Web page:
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by Sarah Kuhn | December 18, 2017


How many times have you strolled into work, checked your voicemails, and been frustrated because the voicemail doesn't contain all the information you need? For recruiters, that's a daily reality: You can't understand the person's name clearly in a voicemail, they don't state it, or you aren't sure which John is returning your call. Then there are those calls where the caller didn't state what number to call back on at all. While these basic errors are easy to make, they happen far more frequently than they should, and they hurt your chances of finding a job.  

The following list contains elements that are frequently left out of voicemails but are crucial if you want a call back from the person on the other end. While it can seem that email and text messaging should have made the concept of leaving a voicemail a thing of the past, it's a basic yet important skill for any job seeker to master.  

Here are the most important elements to include within a voicemail message:

Your Name

Please be sure to leave your first and last name and state it clearly. If you have an uncommon name, spelling it out on a voicemail for someone who hasn't met you is also a courtesy.

Your Number

For some reason, it seems like callback numbers get forgotten more than any other detail. Not everyone has caller ID or is willing to take the time out of a busy day  day to look it up. Many times, situations occur that require a call back to a number separate than the one being used to make the call. Make sure to state your phone number clearly and slower than you would normally. It is also a courtesy to repeat the number a second time on a voicemail as well.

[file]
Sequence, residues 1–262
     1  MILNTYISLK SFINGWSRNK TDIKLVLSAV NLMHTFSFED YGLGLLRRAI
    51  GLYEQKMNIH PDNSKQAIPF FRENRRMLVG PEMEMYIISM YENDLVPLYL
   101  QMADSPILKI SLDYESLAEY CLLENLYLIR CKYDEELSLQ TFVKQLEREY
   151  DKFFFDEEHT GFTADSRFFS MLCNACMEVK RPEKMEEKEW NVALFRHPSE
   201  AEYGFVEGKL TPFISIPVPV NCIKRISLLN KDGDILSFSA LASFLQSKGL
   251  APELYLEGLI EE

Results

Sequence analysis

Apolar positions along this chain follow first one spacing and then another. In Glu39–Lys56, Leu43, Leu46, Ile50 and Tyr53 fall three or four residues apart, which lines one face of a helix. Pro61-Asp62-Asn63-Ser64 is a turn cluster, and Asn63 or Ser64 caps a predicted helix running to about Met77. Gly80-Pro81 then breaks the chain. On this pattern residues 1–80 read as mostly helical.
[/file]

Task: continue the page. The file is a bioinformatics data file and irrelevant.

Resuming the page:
Your Reason for Calling

It's important to keep professional voicemails concise. Leaving a reason for your call is polite and also helps the person on the other end better prepare whatever may be necessary to appropriately return your call. It could be as simple as, "I'm returning a call I received earlier."

Set an Expectation

When it comes to professional calls, I think everyone prefers to be as prepared as possible. By setting an expectation at the end of your call, you are being direct about what you want as well as assisting the receiver of the call maintain their level of professionalism. No one enjoys getting a voicemail and not understanding what the other person wants on the other end. Do they want a call back? Should it be known why they are calling? Politely let the recipient of your call know what you want after the voicemail. It could be as simple as, "I would appreciate if you could return my call at 777-777-7777."

In addition to leaving these key components in your voicemail, make sure you speak clearly and slightly slower than usual--don't rush. Pay attention to your location and try to avoid background noise. It is also a good idea to take note of what you would expect the communication style of the person receiving your call to be like and attempt to match that in the tone of your voicemail. Also feel free to add in additional helpful bits of information, like when the best time to call you back would be.

In conclusion, make sure you don't leave out any basics listed in this article. They may seem simple and obvious, but all of these can hurt your chances of a call back if you leave them out of your voicemails. The easier it is for someone to call you back, the higher you will be on their priority list for their return calls.